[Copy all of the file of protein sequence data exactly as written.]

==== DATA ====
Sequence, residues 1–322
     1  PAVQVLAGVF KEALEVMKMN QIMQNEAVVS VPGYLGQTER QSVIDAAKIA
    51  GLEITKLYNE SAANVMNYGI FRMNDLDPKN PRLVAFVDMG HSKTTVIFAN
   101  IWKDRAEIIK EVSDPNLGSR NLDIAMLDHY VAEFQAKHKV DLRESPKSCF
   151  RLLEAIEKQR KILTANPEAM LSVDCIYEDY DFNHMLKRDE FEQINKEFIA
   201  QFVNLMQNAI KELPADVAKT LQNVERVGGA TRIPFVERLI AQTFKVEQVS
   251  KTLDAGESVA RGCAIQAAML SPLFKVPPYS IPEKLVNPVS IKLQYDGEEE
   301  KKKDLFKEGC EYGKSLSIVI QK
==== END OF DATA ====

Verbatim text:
Sequence, residues 1–322
     1  PAVQVLAGVF KEALEVMKMN QIMQNEAVVS VPGYLGQTER QSVIDAAKIA
    51  GLEITKLYNE SAANVMNYGI FRMNDLDPKN PRLVAFVDMG HSKTTVIFAN
   101  IWKDRAEIIK EVSDPNLGSR NLDIAMLDHY VAEFQAKHKV DLRESPKSCF
   151  RLLEAIEKQR KILTANPEAM LSVDCIYEDY DFNHMLKRDE FEQINKEFIA
   201  QFVNLMQNAI KELPADVAKT LQNVERVGGA TRIPFVERLI AQTFKVEQVS
   251  KTLDAGESVA RGCAIQAAML SPLFKVPPYS IPEKLVNPVS IKLQYDGEEE
   301  KKKDLFKEGC EYGKSLSIVI QK